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Tohono O'odham Nation donates $1M each to UA, ASU for COVID-19 research

Tohono O'odham Nation donates $1M each to UA, ASU for COVID-19 research

The University of Arizona is receiving $1 million for COVID-19 research from the Tohono O’odham Nation.

The Tohono O’odham Nation is contributing $1 million each to the University of Arizona and Arizona State University to support their world-renowned medical researchers’ efforts to combat COVID-19.

“This virus is showing no signs of letting up, and until we have better testing, treatment and a vaccine, our communities remain at risk and our economy will continue to falter,” said Ned Norris, Jr., chairman of the Tohono O’odham Nation during a news conference at the UA College of Medicine in Phoenix Monday.

“That is why the nation made the decision to contribute these funds — which we were already committed to share — to support the world-class research taking place right here in Arizona that is working to overcome the pandemic,” Norris said.

The funding will come from the nation’s 12% gaming revenue grants that are required under its tribal-state gaming compact to share with local community programs, according to a news release. The O’odham, which operate four casinos, have awarded more than 500 of these grants since enactment of the compact in 2003 and with large awards, the program allows for funding to come from multiple fiscal years, officials said.

Both UA and ASU researchers will use the funds to mitigate the impact and disruptive consequences of the coronavirus, said officials, including new testing methods and tools to enable the effective and equitable deployment of emerging technologies.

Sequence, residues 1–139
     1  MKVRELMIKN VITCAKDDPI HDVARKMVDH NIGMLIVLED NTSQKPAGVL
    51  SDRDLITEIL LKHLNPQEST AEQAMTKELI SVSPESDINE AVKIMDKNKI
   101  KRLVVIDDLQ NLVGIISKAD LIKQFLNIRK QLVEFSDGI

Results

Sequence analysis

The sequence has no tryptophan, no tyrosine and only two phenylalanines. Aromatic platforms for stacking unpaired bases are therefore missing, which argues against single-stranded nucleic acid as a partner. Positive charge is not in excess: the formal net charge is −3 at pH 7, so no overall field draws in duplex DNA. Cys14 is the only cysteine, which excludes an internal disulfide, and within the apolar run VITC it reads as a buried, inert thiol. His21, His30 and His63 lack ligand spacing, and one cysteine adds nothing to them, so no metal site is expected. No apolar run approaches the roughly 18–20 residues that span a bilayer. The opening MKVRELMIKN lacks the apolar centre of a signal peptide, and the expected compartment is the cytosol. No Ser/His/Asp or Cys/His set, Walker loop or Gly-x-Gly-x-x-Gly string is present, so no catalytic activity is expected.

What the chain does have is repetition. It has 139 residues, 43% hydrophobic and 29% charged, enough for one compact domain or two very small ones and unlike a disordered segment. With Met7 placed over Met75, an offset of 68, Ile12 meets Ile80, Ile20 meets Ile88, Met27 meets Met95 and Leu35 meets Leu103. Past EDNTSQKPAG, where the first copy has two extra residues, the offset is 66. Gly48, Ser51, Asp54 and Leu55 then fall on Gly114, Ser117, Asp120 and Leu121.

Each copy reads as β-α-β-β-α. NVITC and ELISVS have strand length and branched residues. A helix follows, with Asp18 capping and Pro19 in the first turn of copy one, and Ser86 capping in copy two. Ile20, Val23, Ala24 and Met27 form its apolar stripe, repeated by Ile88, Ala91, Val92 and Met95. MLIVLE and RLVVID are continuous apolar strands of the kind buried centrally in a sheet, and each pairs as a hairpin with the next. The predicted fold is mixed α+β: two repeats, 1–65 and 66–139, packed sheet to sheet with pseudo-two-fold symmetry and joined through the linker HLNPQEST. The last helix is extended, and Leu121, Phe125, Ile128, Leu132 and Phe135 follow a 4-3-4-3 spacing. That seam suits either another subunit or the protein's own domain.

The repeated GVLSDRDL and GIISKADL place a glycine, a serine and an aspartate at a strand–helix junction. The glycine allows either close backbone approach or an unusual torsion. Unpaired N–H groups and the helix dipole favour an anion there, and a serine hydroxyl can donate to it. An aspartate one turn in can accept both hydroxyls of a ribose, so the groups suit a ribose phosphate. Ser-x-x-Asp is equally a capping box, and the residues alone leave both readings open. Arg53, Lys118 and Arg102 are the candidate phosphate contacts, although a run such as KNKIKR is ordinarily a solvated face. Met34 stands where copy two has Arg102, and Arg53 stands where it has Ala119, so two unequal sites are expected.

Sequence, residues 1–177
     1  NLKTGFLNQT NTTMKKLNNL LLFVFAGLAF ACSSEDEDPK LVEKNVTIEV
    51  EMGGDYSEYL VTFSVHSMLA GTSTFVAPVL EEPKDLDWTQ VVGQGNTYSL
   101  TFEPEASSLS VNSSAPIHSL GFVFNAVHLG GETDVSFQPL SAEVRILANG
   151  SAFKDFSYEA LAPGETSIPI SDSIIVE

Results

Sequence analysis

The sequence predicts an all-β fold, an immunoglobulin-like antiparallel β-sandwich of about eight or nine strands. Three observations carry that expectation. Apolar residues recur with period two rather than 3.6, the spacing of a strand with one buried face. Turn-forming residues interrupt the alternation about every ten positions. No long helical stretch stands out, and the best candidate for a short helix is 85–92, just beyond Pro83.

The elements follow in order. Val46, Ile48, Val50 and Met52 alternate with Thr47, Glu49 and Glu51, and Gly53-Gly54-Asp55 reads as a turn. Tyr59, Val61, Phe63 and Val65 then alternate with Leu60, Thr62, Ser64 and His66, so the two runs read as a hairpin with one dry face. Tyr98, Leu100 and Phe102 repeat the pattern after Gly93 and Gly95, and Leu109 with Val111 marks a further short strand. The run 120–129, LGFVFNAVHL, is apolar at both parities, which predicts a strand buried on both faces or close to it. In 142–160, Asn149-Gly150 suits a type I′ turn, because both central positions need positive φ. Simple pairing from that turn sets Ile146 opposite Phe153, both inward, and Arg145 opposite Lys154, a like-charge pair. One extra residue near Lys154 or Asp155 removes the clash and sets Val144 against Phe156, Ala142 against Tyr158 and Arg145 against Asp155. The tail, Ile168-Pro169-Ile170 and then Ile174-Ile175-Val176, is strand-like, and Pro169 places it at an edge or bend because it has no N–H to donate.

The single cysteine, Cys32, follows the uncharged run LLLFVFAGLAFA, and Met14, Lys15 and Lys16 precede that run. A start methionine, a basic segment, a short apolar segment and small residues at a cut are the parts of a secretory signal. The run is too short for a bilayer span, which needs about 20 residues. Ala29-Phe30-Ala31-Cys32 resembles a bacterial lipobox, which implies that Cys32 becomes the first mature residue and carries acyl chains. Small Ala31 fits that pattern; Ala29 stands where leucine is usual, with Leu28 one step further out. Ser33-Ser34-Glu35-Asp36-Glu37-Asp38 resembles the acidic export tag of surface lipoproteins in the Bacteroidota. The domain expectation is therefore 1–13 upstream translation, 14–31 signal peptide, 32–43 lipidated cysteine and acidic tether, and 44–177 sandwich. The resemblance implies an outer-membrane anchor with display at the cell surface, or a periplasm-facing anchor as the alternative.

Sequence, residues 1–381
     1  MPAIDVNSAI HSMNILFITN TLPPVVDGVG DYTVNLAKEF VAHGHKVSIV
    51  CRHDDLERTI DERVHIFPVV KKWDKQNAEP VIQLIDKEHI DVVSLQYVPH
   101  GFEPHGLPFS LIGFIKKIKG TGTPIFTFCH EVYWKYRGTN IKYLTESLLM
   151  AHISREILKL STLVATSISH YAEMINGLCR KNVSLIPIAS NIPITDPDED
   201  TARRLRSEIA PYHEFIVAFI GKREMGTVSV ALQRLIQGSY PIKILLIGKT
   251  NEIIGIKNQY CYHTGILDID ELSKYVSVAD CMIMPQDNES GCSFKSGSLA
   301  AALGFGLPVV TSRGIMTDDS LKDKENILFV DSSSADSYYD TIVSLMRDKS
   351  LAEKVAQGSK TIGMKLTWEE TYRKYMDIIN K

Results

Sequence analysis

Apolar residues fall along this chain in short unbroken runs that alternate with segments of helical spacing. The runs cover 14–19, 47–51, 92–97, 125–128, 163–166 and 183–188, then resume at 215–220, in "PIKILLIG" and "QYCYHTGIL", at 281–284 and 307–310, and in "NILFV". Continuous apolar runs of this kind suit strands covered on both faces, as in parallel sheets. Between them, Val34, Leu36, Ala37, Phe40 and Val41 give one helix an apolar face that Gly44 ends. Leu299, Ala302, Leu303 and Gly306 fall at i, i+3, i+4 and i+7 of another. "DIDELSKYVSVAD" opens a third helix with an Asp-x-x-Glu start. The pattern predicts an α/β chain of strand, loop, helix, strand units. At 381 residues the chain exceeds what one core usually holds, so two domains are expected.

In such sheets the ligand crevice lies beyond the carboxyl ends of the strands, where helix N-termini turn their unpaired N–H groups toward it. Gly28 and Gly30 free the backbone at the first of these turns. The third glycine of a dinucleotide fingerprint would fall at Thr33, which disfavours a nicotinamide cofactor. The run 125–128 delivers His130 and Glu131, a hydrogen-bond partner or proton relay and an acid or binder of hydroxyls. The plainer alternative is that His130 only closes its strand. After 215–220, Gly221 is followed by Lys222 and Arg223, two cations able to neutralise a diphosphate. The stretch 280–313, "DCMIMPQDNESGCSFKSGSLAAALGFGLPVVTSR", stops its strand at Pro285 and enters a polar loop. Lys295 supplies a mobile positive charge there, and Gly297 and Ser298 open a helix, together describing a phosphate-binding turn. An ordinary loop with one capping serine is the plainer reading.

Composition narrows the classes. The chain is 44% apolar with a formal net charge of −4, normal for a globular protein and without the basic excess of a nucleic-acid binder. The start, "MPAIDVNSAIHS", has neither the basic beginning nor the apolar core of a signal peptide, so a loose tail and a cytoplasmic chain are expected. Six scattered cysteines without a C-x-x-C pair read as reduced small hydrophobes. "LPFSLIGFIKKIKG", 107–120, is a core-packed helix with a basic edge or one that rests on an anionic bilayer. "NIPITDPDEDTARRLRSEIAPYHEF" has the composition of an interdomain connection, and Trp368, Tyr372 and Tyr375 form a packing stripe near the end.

UA researchers have been involved in understanding the coronavirus and testing people across the state since the pandemic’s arrival in the United States in the spring. An antibody test developed by immunologists in the College of Medicine-Tucson has been deployed throughout Arizona in partnership with Gov. Doug Ducey, according to the UA.

The UA also developed a program to quickly test its students, faculty and staff, and has shared testing kits with communities across the state, said UA officials. UA President Robert C. Robbins said the nation’s gift will enable researchers to create new, more efficient, effective and affordable COVID-19 tests.

“The University of Arizona is proud to partner with the Tohono O’odham Nation, particularly as our main campus is located on their ancestral homelands,” said Robbins. “As Arizona’s land-grant university, our mission is to serve the entire state, and the nation’s support will allow this work to continue and expand, and help Arizona emerge stronger from this pandemic,” Robbins said.

ASU President Michael M. Crow said the university is grateful for the nation’s support, and the gift “will enable us to intensify our efforts to manage the complexities of this pandemic and prepare for future public-health emergencies by investing in scientific preparedness.”

Crow said more than 2,000 researchers at ASU were working to better understand the coronavirus and come up with science-based solutions to fight it.

Contact reporter Carmen Duarte at cduarte@tucson.com or 573-4104. On Twitter: @cduartestar

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